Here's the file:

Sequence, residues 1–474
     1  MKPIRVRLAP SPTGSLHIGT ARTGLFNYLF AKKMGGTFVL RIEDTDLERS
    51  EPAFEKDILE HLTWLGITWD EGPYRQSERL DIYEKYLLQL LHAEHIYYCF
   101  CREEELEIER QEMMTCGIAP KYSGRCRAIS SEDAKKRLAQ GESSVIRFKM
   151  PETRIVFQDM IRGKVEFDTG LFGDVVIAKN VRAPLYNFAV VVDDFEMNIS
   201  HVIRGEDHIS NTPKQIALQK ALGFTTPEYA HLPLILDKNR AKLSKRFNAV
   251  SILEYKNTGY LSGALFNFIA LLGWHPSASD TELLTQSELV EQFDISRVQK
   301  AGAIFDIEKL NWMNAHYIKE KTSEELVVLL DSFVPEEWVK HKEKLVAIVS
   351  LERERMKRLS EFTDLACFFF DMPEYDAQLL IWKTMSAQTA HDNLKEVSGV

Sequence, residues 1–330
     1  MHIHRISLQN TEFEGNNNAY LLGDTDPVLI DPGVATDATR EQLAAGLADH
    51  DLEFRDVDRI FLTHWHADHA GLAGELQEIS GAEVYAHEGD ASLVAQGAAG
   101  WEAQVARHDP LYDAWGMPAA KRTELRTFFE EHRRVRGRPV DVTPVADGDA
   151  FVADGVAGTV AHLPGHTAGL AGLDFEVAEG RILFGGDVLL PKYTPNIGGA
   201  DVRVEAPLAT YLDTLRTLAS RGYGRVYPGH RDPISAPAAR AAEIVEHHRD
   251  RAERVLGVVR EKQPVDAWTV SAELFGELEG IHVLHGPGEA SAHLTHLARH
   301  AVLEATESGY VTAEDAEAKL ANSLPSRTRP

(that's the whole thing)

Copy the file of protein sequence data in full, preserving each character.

Sequence, residues 1–474
     1  MKPIRVRLAP SPTGSLHIGT ARTGLFNYLF AKKMGGTFVL RIEDTDLERS
    51  EPAFEKDILE HLTWLGITWD EGPYRQSERL DIYEKYLLQL LHAEHIYYCF
   101  CREEELEIER QEMMTCGIAP KYSGRCRAIS SEDAKKRLAQ GESSVIRFKM
   151  PETRIVFQDM IRGKVEFDTG LFGDVVIAKN VRAPLYNFAV VVDDFEMNIS
   201  HVIRGEDHIS NTPKQIALQK ALGFTTPEYA HLPLILDKNR AKLSKRFNAV
   251  SILEYKNTGY LSGALFNFIA LLGWHPSASD TELLTQSELV EQFDISRVQK
   301  AGAIFDIEKL NWMNAHYIKE KTSEELVVLL DSFVPEEWVK HKEKLVAIVS
   351  LERERMKRLS EFTDLACFFF DMPEYDAQLL IWKTMSAQTA HDNLKEVSGV

Sequence, residues 1–330
     1  MHIHRISLQN TEFEGNNNAY LLGDTDPVLI DPGVATDATR EQLAAGLADH
    51  DLEFRDVDRI FLTHWHADHA GLAGELQEIS GAEVYAHEGD ASLVAQGAAG
   101  WEAQVARHDP LYDAWGMPAA KRTELRTFFE EHRRVRGRPV DVTPVADGDA
   151  FVADGVAGTV AHLPGHTAGL AGLDFEVAEG RILFGGDVLL PKYTPNIGGA
   201  DVRVEAPLAT YLDTLRTLAS RGYGRVYPGH RDPISAPAAR AAEIVEHHRD
   251  RAERVLGVVR EKQPVDAWTV SAELFGELEG IHVLHGPGEA SAHLTHLARH
   301  AVLEATESGY VTAEDAEAKL ANSLPSRTRP